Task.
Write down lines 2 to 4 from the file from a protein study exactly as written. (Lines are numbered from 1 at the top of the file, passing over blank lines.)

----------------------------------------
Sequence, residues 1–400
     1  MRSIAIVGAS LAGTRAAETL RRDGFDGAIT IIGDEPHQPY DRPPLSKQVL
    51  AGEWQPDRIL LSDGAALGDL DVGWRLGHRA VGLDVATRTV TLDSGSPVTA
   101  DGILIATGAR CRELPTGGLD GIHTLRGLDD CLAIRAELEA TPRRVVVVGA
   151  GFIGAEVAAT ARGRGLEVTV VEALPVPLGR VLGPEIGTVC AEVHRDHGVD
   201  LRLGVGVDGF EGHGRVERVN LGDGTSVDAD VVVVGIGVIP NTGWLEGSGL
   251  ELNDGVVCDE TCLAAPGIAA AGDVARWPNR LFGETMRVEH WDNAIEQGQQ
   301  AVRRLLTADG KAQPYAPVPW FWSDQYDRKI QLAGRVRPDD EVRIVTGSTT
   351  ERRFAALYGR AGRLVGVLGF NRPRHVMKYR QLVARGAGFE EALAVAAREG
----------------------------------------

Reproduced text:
     1  MRSIAIVGAS LAGTRAAETL RRDGFDGAIT IIGDEPHQPY DRPPLSKQVL
    51  AGEWQPDRIL LSDGAALGDL DVGWRLGHRA VGLDVATRTV TLDSGSPVTA
   101  DGILIATGAR CRELPTGGLD GIHTLRGLDD CLAIRAELEA TPRRVVVVGA